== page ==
This post is the first in a series of four about productivity. In this and each the next four posts, I will share with you one productivity hack that has helped me to bypass all of the distractions and really increase my productivity this summer.
Introduction: Deep Work
I just came out of a long summer of being in "monk mode" writing a research article.
I am at the tail end of writing a scholarly article telling the story of how P. T. Barnum helped Jenny Lind, the Swedish Nightingale, become the biggest musical touring success of the 19th century—through branding her for American reception (more on that in another post).
The work was long and hard, and it pushed my productivity skills to the limit. There were three special characteristics to this kind of work that made it very challenging:
- I was managing myself—no one was waiting on me to do my daily work.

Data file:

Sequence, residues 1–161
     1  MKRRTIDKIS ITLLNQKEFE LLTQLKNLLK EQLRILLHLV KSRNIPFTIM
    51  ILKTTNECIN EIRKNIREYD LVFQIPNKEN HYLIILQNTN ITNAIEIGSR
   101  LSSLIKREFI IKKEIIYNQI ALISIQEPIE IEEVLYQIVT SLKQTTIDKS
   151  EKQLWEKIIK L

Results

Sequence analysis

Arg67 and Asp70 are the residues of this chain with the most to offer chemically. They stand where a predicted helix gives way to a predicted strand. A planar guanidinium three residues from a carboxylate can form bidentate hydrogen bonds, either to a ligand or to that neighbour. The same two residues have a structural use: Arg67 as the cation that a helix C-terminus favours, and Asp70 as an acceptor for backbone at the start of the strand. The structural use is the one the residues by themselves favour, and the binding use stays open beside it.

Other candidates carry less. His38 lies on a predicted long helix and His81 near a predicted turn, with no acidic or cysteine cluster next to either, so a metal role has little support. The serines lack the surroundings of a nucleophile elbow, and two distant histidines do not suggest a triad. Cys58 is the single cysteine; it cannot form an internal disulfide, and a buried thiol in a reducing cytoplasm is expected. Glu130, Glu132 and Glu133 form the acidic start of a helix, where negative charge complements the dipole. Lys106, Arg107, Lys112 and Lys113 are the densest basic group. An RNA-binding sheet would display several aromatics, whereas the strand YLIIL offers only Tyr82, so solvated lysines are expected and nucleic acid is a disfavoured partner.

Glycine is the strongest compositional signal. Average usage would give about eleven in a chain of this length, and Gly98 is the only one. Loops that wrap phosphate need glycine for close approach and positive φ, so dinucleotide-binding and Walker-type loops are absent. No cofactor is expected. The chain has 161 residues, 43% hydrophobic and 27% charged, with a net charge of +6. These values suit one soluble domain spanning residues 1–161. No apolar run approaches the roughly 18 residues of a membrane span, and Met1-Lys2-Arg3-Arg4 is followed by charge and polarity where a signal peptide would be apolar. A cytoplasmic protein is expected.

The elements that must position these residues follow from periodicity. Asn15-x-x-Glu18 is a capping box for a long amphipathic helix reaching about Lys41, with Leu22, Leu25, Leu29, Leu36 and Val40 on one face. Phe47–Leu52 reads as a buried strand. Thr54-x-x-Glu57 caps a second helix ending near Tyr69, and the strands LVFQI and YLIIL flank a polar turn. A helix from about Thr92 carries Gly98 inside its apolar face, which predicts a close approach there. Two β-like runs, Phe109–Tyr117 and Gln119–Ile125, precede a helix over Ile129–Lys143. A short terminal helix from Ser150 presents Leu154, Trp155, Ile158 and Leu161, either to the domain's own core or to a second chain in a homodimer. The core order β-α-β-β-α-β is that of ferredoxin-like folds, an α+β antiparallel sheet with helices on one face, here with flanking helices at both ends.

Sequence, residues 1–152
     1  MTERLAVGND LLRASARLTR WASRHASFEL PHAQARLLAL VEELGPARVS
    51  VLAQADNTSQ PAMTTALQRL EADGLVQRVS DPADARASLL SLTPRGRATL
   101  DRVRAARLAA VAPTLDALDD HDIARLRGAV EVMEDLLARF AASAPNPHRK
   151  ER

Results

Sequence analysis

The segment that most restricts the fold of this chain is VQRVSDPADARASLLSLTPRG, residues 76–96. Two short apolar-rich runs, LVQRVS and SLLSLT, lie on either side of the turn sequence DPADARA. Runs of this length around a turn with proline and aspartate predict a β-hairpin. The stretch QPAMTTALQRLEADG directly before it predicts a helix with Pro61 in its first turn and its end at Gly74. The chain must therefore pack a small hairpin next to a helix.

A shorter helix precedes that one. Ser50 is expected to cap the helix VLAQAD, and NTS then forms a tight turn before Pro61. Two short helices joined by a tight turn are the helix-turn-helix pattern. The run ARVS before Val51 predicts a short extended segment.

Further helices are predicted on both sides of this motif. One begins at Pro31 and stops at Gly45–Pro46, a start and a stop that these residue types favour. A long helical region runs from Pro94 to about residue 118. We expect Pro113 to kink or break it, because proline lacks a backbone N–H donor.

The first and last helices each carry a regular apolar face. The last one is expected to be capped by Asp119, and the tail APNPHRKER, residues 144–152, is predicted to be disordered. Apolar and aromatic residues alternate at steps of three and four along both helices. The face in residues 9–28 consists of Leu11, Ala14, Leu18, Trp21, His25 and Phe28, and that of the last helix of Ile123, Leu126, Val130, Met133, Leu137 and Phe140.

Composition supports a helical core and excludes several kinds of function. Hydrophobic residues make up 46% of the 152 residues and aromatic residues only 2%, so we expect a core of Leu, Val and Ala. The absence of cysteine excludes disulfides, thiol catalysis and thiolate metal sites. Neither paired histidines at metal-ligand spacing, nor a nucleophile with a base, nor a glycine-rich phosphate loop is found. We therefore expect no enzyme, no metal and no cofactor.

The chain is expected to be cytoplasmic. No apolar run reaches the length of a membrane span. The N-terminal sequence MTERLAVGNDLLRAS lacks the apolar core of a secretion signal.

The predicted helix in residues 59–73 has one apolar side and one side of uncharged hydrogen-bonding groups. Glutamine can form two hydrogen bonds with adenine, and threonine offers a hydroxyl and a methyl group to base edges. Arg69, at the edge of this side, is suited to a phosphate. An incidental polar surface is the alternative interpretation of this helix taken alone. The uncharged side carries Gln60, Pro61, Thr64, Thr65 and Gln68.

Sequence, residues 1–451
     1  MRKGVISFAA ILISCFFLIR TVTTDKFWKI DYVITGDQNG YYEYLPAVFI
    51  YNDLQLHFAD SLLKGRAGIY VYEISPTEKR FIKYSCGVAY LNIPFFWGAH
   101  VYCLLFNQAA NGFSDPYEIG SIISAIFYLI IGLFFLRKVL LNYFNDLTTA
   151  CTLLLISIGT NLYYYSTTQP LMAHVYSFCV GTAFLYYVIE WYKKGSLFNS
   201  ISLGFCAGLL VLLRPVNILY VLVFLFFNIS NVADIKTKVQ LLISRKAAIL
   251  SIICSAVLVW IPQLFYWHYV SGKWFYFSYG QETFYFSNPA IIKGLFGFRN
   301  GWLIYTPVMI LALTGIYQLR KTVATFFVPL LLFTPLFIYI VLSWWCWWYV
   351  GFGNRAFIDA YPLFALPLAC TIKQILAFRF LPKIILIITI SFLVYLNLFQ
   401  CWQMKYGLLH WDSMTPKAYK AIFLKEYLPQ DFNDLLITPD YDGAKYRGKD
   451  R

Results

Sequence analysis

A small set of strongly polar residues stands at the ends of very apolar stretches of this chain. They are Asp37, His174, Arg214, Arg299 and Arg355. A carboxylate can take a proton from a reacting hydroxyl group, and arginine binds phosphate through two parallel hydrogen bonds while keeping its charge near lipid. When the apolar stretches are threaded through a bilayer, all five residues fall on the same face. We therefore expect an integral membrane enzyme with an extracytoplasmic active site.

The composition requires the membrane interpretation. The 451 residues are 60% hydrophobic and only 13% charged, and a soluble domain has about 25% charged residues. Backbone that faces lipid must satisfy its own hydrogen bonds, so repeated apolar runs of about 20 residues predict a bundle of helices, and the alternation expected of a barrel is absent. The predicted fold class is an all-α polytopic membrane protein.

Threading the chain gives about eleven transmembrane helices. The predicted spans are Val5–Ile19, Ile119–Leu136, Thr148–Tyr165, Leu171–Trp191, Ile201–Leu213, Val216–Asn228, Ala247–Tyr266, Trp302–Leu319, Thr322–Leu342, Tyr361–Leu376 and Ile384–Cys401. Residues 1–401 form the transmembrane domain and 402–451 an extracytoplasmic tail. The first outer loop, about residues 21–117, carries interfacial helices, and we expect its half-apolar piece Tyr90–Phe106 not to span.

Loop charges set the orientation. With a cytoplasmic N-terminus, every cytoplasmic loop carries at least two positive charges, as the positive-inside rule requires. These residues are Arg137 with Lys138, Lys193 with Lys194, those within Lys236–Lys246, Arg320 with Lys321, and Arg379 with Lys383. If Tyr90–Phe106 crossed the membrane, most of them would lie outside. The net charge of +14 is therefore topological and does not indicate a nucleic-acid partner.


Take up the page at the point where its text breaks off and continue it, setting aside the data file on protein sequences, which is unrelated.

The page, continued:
- The work took deep and intense concentration for long periods of time.
- The goal could not be accomplished in a day, but took consistent work to progress over time.
As I reflect back on the summer, I have realized that this type of long, consistent, challenging scholarship work is very similar to what we do as musicians and entrepreneurs. We spend day after day in the practice room, perfecting our skill, or day after day working on our business, getting gigs and clients. Day after day cultivating inspiration. It's deep work.
Ask yourself: are you doing the most valuable work that you should be doing, today? Don't judge, just notice. Consider your list of things to do today. How does it stack up against the three characteristics I listed above?
- Are you managing yourself, or reacting to the agendas of others?
- Are you prioritizing work that takes long stretches of deep concentration and skill?
- Are you working toward your most important long-term goals?
Maybe you could use a reboot, just like I needed at the beginning of the summer. I want to tell you about four productivity strategies over my next four posts—not surface tips or tricks, but real strategies—that have really helped me.
You too can tame the chaos and spend more time in a deep state of flow adopting and adapting these same strategies.